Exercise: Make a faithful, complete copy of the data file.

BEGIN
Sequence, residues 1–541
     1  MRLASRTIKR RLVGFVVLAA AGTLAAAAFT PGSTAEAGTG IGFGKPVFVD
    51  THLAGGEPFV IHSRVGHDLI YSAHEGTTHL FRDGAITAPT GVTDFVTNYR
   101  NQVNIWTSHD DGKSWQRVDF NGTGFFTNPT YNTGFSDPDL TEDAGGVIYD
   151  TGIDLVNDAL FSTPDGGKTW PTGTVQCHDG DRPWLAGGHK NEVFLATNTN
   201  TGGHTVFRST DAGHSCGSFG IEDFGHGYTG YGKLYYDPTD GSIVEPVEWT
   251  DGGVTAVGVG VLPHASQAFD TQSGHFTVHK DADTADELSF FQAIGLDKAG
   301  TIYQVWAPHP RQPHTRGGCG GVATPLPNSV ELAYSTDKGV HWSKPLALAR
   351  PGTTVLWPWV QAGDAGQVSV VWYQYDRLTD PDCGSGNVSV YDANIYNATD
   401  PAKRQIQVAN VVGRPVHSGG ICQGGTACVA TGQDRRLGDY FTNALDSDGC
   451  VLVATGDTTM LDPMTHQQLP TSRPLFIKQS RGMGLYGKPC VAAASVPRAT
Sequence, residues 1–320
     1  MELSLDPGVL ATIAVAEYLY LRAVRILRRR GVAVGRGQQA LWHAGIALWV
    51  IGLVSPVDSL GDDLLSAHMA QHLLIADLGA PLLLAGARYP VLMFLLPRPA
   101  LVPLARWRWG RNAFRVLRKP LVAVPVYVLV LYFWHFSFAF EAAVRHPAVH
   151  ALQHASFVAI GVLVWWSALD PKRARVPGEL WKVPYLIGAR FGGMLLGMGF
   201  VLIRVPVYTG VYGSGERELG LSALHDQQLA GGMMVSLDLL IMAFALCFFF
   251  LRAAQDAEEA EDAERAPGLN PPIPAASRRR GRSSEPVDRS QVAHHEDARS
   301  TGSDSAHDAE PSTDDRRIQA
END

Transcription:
Sequence, residues 1–541
     1  MRLASRTIKR RLVGFVVLAA AGTLAAAAFT PGSTAEAGTG IGFGKPVFVD
    51  THLAGGEPFV IHSRVGHDLI YSAHEGTTHL FRDGAITAPT GVTDFVTNYR
   101  NQVNIWTSHD DGKSWQRVDF NGTGFFTNPT YNTGFSDPDL TEDAGGVIYD
   151  TGIDLVNDAL FSTPDGGKTW PTGTVQCHDG DRPWLAGGHK NEVFLATNTN
   201  TGGHTVFRST DAGHSCGSFG IEDFGHGYTG YGKLYYDPTD GSIVEPVEWT
   251  DGGVTAVGVG VLPHASQAFD TQSGHFTVHK DADTADELSF FQAIGLDKAG
   301  TIYQVWAPHP RQPHTRGGCG GVATPLPNSV ELAYSTDKGV HWSKPLALAR
   351  PGTTVLWPWV QAGDAGQVSV VWYQYDRLTD PDCGSGNVSV YDANIYNATD
   401  PAKRQIQVAN VVGRPVHSGG ICQGGTACVA TGQDRRLGDY FTNALDSDGC
   451  VLVATGDTTM LDPMTHQQLP TSRPLFIKQS RGMGLYGKPC VAAASVPRAT
Sequence, residues 1–320
     1  MELSLDPGVL ATIAVAEYLY LRAVRILRRR GVAVGRGQQA LWHAGIALWV
    51  IGLVSPVDSL GDDLLSAHMA QHLLIADLGA PLLLAGARYP VLMFLLPRPA
   101  LVPLARWRWG RNAFRVLRKP LVAVPVYVLV LYFWHFSFAF EAAVRHPAVH
   151  ALQHASFVAI GVLVWWSALD PKRARVPGEL WKVPYLIGAR FGGMLLGMGF
   201  VLIRVPVYTG VYGSGERELG LSALHDQQLA GGMMVSLDLL IMAFALCFFF
   251  LRAAQDAEEA EDAERAPGLN PPIPAASRRR GRSSEPVDRS QVAHHEDARS
   301  TGSDSAHDAE PSTDDRRIQA